The column “Find Your Buried Treasure” appears weekly in the Chanhassen (MN) Villager. This column was published on December 2, 2010.

The alarm on my clock-radio went off the other morning just as the news was getting over and Christmas music was starting up again. The first song was “The Little Drummer Boy,” which has always been one of my favorite Christmas carols. Since I didn’t have any meetings or appointments for which I needed to hop up and race off to start the day, I stayed in bed long enough to enjoy the song. And because I had no other distractions, I noticed things I never really paid attention to before.

The first was the rich, deep voices rolling their R’s and humming their M’s in the “Rummmm…..rummmm…..rummmm…..” setting up the drumbeat rhythm. Then came the beautiful harmony of sweet, strong voices singing, “Come, they told me…” I didn’t focus on the words because I already know them so well. Instead, I listened to the “pa-rum-pum-pum-pum” at the end of each line, and the tinkling musical accents from either a bell or a triangle. When the final words of the song came up, I smiled right along with “Then He smiled at me, pa-rum-pum-pum-pum. Me and my drum.”

I marveled at how perfectly and beautifully everything in the song blended together – the words, the rhythm, the melody, harmony, and accompaniment. What occurred to me then is how the whole Christmas season is like a song or a symphony. For most of us, the holiday season is filled with many different parts – religious rituals and secular celebrations, family dinners and events, holiday parties and activities. We buy, wrap and give or send presents, we address and mail cards, we decorate our homes and bake special holiday treats.

At its best, the different parts blend smoothly together. At its worst, it’s a different story. It doesn’t take much to knock all the different pieces out of balance, as happens in a concert or performance when one voice or instrument is off-key or simply overpowers all the others. Instead of complementing and contributing to the lovely, overall intended effect, it calls attention to itself and causes distress and discontent.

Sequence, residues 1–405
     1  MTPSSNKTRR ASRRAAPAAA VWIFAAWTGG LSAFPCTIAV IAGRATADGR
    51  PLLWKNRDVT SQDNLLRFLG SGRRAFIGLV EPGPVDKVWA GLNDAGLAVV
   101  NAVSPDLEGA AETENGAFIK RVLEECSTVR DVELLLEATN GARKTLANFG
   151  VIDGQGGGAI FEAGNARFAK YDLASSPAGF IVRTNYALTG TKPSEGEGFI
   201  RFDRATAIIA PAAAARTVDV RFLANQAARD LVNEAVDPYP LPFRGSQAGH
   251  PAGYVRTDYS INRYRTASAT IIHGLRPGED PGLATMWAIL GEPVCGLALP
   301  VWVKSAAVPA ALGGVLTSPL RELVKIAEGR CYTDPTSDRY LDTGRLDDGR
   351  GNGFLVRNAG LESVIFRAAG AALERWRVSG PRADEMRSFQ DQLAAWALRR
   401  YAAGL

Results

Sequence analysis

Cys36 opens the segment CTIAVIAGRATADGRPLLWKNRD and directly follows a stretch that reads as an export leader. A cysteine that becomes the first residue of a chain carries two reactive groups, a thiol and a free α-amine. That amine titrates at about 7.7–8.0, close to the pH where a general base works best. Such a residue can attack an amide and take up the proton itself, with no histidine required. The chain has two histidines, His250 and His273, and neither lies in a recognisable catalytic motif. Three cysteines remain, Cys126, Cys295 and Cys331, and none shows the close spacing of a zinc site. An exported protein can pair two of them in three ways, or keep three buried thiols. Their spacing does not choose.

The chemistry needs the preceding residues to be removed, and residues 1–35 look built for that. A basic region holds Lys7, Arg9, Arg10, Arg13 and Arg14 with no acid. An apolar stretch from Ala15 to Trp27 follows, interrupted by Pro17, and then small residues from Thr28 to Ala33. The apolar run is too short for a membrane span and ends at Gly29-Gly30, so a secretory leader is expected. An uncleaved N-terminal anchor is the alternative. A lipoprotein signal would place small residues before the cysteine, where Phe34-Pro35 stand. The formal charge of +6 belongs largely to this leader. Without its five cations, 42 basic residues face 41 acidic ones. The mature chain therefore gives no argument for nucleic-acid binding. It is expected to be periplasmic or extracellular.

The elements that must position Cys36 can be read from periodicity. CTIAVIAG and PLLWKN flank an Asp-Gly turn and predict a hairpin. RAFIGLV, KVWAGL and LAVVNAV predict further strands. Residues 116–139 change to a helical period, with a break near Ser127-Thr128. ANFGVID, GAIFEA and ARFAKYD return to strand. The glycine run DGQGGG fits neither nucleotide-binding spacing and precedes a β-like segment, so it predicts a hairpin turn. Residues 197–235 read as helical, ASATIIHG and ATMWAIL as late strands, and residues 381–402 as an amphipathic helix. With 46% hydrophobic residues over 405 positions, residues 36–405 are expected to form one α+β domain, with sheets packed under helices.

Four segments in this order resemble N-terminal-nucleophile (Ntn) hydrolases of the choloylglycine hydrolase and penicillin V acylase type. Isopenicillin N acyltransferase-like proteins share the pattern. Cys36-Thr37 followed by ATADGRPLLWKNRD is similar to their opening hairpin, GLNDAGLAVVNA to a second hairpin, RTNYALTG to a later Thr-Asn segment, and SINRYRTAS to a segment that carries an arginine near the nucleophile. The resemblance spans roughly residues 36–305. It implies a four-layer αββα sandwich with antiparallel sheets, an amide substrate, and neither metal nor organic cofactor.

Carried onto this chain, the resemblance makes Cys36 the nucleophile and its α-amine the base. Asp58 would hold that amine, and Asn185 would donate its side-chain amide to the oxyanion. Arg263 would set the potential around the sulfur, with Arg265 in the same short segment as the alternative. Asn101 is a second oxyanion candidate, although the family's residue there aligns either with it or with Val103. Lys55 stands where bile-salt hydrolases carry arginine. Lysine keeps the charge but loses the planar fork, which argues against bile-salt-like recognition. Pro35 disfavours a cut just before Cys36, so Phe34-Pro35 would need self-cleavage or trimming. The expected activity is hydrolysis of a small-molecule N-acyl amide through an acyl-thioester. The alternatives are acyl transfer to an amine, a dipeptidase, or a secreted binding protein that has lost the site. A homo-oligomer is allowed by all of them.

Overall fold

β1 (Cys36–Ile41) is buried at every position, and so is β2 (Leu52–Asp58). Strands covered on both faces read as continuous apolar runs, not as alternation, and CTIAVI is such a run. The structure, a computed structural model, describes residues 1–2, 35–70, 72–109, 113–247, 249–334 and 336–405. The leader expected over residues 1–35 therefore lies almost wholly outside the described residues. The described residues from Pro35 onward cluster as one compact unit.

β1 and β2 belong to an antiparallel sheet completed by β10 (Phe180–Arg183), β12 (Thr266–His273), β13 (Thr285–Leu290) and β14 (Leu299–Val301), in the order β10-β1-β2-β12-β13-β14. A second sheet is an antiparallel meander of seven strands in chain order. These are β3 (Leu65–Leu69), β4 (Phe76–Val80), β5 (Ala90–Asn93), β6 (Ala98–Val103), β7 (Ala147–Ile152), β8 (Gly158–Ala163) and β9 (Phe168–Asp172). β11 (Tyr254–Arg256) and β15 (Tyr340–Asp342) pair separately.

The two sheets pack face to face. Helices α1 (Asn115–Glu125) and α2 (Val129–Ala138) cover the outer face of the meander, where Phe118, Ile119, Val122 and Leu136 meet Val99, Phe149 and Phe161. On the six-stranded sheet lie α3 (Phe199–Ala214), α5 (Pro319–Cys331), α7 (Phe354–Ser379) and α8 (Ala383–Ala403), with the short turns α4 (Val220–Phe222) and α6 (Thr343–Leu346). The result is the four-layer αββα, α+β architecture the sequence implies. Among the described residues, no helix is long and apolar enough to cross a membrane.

In my column a few weeks ago, I mentioned ways to use some of the practices and processes I’ve learned through Dream Coaching to make this Christmas season the holiday of your dreams. You do this by determining what is really important to you, and making sure to incorporate and include it in your holiday plans so it doesn’t get overshadowed or drowned out by unreasonable demands and expectations or unbalanced activities and intentions.

A friend of mine told me she thought that was the best column I’ve ever written, and another friend – who lives near Atlanta and who reads my column on-line – said she emailed the column to almost everyone in her address book. I’m guessing this means that there are many of us who are looking for ways to make the holiday more meaningful, and to eliminate or reduce the stress that comes when things get overpowering or out of hand.

It doesn’t mean we need to turn into the Grinch, give up any of our cherished traditions, or turn our backs on the people we want to remember with gifts or cards. It just means we need to find and create the balance that keeps everything in unison. So we can focus on each individual aspect of the holiday, and so we can treasure the effect of it all coming together in perfect harmony.

I hope you enjoy the symphony of the season.

© Betty Liedtke, 2010